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August 19, 2022



Designer of Czech-Roma flag options protests absurd fine

Prague, 2.1.2014 21:48, (ROMEA)
Double standard in the Czech Republic?  On the left, flags for which a Slovak artist has been fined, on the right, dozens of people break the same law with impunity.
Double standard in the Czech Republic? On the left, flags for which a Slovak artist has been fined, on the right, dozens of people break the same law with impunity.

Slovak artist Tomáš Rafa is protesting against a fine levied against him by the Administrative Division of the Prague 7 Municipal Department for his creation of designs for a Czech-Roma flag. Rafa has filed an objection against the decision, which suspends the proceedings.

Martin Vokuš, spokesperson for Prague 7, has told the Czech News Agency that the fine will not take effect until the next decision on the artist's objections is reached. The exhibition where the designs for a Czech-Roma flag were displayed, "Selection Procedure for Czech-Roma Flag" ("Výběrové řízení na česko-romskou vlajku") took place last summer in Prague's outdoor Artwall Gallery on the embankment of the Vltava river.

According to the authors of the project, the exhibition showed that Romani people are also Czechs and Bohemia is their home. A criminal complaint against the project organizers was filed by representatives of the right-wing extremist Workers' Social Justice Party (Dělnická strana sociální spravedlnosti - DSSS).

The DSSS believes the authors broke the law on the use of the state symbols of the Czech Republic. That law states that no inscriptions or symbols are to be positioned on the state flag.

Sports fans in the Czech Republic evidently have a lot to look forward to if that is the case (see photo above). Police commissioned an expert evaluation in response to the complaint which found that the artist has broken the law. 

The violation is not a felony, just a misdemeanor. Police therefore sent a motion to the Prague 7 Municipal Department and its Administrative Division began a misdemeanor proceedings against the artist.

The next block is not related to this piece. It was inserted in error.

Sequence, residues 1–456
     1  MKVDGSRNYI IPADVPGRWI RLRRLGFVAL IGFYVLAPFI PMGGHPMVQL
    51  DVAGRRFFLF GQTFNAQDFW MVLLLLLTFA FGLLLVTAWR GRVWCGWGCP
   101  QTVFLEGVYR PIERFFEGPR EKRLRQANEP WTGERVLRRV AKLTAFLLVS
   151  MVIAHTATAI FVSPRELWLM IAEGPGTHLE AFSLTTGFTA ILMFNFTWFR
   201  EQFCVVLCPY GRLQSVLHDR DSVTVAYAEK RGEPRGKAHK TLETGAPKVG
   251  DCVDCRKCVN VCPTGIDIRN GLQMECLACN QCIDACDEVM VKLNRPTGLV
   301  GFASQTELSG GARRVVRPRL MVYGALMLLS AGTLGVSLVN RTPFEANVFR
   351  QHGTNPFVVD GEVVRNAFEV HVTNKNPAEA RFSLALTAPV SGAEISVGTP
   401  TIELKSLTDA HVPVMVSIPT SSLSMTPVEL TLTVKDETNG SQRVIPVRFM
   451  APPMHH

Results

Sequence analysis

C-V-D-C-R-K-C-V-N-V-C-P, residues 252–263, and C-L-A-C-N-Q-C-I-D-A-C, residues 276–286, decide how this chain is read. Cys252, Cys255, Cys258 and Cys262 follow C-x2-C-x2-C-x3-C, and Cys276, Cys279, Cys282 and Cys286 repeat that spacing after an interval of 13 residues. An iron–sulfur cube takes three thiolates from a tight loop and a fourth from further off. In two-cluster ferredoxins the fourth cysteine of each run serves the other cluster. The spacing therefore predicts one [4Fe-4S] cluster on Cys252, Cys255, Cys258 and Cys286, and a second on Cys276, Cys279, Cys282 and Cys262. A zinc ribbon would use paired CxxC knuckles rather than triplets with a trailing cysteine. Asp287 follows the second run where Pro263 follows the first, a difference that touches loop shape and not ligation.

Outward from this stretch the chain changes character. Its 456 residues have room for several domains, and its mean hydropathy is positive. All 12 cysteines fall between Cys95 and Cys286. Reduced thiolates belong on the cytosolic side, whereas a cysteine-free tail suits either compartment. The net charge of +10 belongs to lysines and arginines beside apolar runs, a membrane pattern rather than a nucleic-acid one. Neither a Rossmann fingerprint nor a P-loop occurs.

Rafa was found guilty of having allegedly broken the law by depicting three flags. News server was the first to report that the local authority has fined him. 

Vokuš said the fine is toward the lower end of the scale established by law. He did not want to specify how much the fine was for, referencing the fact that the misdemeanor proceeding is not open to the public.

The Czech News Agency has reported that the fine was for CZK 2 000. Rafa says no state symbols were damaged or disparaged in the exhibit.

"I have long followed the growing hatred of national minorities and warned against it in my artwork. It is sad that instead of addressing that state of affairs, the state bodies are focused on prosecuting my activity," he said.  

Gallery representatives said in a press release that they had learned of the criminal complaint shortly after the exhibit opened. "We relied on our judgment of the social benefit of the exhibition, given that its aim was to promote the idea of tolerance for all nationalities. The local authority's decision shocked us. We are convinced that state bodies should not be accommodating these efforts to terrorize artists criticizing racism in Czech society," they said.  

According to Vokuš, the Administrative Division, which is staffed by members of the state administration, had no choice but to review the police motion. Critics of the local authority's decision say the same law is frequently broken by sports fans who write the names of their towns, for example, on the state flag during competitions.  

Vokuš said Prague 7 has never handled such a case before. "If such a motion were to be filed against a similar matter, the relevant misdemeanor body will review it," he said.  

ryz, ČTK, translated by Gwendolyn Albert
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Related articles:


Česko-romská vlajka, DSSS, Praha, Racism, Roma


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